What is the Thomas-Kilmann Conflict Mode Instrument?
The TKI (Thomas-Kilmann Conflict Mode Instrument) measures five “conflict-handling modes,” or ways of dealing with conflict: competing, collaborating, compromising, avoiding, and accommodating. These five modes can be described along two dimensions, assertiveness and cooperativeness. Assertiveness refers to the extent to which one tries to satisfy his or her own concerns, and cooperativeness refers to the extent to which one tries to satisfy the concerns of another person (Thomas & Kilmann, 1974, 2007). Competing is assertive and not cooperative, and accommodating is cooperative and not assertive. Avoiding is neither assertive nor cooperative, while collaborating is both assertive and cooperative. Compromising falls in the middle on both dimensions.
When Would You Use Thomas-Kilmann Conflict Model?
Understanding when to apply the Thomas-Kilmann Conflict Mode Model is paramount for fostering constructive resolutions in various scenarios. Whether it’s managing conflicts in team dynamics during project planning or negotiating with clients, the TKI Assessment can be a game-changer. This assessment offers a comprehensive understanding of individual or team conflict-handling preferences, providing insights into the best approaches for effective communication and resolution. By highlighting one’s rank order of conflict-handling modes, it illuminates strengths and areas for potential growth. For those new to this tool, the TKI Assessment serves as a compass, guiding you toward strategies that transform potential discord into opportunities for growth and collaboration.
Ready to incorporate Thomas-Kilmann method of resolving conflict in your daily life? Order the TKI Assessment and Report from Hone Consulting
How to Understand TKI Assessment and Report?
If you need help with interpreting the TKI (Thomas Kilmann) Conflict Mode Instrument to make conflict more productive, this excerpt from the Technical Brief for the Thomas-Kilmann Conflict Mode Instrument can help.
…the conflict-handling modes are listed in a sequence. That sequence is competing, collaborating, compromising, avoiding, and accommodating….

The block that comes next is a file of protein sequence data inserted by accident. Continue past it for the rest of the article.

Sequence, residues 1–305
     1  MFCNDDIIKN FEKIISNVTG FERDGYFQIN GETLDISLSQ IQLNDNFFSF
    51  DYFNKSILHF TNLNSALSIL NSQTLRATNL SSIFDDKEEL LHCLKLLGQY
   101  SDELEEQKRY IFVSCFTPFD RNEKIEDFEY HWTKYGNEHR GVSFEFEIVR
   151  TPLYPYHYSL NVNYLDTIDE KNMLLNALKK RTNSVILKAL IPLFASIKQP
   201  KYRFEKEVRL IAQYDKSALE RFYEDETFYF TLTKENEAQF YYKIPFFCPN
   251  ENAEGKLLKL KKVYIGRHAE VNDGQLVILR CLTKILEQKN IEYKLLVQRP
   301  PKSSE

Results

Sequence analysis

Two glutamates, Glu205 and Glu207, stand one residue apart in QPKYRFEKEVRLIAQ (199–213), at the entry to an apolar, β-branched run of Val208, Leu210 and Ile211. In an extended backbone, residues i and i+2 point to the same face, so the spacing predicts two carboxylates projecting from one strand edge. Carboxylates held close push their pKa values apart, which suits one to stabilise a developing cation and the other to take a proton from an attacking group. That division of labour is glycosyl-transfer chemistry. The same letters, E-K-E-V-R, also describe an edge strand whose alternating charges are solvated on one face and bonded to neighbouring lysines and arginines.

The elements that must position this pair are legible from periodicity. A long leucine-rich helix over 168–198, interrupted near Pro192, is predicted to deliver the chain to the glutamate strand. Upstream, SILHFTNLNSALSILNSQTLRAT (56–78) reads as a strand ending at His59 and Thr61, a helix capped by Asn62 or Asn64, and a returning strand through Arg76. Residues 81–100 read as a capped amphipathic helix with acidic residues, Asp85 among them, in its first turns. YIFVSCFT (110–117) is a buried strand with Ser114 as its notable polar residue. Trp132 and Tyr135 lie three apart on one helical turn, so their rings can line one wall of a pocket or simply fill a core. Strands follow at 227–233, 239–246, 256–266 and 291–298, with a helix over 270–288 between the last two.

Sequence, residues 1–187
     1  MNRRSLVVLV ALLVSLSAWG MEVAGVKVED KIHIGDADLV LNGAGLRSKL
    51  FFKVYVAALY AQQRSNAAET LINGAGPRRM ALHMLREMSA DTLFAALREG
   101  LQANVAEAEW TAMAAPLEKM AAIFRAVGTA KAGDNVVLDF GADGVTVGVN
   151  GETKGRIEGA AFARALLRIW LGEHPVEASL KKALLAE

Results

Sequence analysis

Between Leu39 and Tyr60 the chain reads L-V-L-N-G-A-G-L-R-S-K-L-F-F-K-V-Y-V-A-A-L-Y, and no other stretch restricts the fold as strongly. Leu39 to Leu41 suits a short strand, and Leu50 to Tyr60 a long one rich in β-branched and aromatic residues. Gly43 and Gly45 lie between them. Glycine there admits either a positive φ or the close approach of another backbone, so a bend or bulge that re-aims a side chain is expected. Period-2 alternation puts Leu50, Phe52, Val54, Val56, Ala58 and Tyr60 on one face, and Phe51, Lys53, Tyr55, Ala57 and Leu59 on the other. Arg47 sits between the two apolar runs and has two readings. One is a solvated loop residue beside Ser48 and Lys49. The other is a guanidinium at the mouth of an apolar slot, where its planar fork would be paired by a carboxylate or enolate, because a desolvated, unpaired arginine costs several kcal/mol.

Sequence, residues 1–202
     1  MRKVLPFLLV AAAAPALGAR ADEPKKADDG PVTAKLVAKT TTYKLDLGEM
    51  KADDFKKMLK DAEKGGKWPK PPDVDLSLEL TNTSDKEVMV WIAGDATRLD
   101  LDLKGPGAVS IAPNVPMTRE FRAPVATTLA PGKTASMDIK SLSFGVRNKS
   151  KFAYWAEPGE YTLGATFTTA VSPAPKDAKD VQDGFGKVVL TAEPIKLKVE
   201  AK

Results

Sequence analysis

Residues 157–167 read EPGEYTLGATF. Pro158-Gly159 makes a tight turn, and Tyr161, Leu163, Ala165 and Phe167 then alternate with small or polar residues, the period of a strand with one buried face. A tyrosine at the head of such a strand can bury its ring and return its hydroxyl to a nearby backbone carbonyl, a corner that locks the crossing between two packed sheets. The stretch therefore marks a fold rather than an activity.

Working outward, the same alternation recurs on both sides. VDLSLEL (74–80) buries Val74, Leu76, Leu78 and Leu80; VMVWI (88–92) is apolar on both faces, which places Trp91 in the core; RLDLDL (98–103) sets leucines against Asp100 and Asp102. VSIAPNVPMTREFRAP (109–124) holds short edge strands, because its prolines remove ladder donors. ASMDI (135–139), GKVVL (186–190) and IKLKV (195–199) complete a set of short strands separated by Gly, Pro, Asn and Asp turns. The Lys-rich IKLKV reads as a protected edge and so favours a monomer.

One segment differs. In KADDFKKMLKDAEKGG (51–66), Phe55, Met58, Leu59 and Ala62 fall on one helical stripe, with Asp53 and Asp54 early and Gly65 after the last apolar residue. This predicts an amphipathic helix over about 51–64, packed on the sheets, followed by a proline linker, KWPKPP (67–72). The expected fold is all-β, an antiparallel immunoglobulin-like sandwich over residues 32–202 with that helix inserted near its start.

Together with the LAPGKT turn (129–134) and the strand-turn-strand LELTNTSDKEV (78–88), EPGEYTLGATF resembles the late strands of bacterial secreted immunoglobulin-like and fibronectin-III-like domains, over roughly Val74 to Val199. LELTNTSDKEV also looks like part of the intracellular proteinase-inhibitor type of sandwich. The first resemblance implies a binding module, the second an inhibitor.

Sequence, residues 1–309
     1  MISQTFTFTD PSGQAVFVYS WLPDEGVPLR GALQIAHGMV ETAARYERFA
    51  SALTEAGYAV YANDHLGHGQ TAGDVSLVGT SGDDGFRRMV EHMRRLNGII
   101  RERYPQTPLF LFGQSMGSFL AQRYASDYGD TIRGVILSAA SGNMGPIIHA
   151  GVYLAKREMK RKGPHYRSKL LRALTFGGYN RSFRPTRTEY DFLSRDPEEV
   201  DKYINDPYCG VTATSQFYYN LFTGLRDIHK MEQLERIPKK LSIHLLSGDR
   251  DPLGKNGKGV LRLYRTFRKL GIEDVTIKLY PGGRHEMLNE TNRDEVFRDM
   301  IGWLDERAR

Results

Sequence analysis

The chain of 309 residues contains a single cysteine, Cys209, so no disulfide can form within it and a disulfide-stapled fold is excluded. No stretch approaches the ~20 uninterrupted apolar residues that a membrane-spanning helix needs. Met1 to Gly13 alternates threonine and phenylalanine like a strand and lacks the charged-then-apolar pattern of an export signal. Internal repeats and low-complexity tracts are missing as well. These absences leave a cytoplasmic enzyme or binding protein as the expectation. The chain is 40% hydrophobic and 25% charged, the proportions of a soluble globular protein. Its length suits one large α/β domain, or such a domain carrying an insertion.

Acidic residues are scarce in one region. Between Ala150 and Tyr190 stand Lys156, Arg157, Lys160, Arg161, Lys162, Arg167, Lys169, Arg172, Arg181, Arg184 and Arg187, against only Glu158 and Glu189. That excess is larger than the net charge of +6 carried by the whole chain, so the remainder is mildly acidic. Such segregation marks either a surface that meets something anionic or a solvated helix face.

…formats provide interpretive information on the uses of each conflict mode as well as questions to consider about possible overuse or underuse of the conflict modes. The online report customizes interpretive content in two ways. First, it presents client results in rank order, from top conflict mode to least-used conflict mode. Second, it provides additional information on typical characteristics and contributions of people who score highest on the client’s top conflict mode.
Because conflict-handling modes are presented in the online report in the client’s rank order, a tiebreaker rule is necessary. The ranking is by percentiles—a comparison of the client’s results with the updated norm group’s—and if two percentiles are tied, the tie is broken using a reverse social desirability sort. For example, avoiding ranks higher than collaborating, since collaborating is the more socially approved behavior. The tiebreaker sort is as follows:
The online TKI assessment and report group clients’ percentile scores into three ranges. Percentile scores of 0 to 25 are considered low, percentile scores of 26 to 75 inclusive are considered medium, and percentile scores of 76 to 100 are considered high. The high-medium-low labels are meant to give clients an easy way to understand how their use of conflict modes compares with others’ use of the modes. Note that a client’s top conflict-handling mode may fall in either the high or medium range.
If you want to learn more about Thomas-Kilmann Conflict Mode Instrument scoring, check out a TKI Sample Report.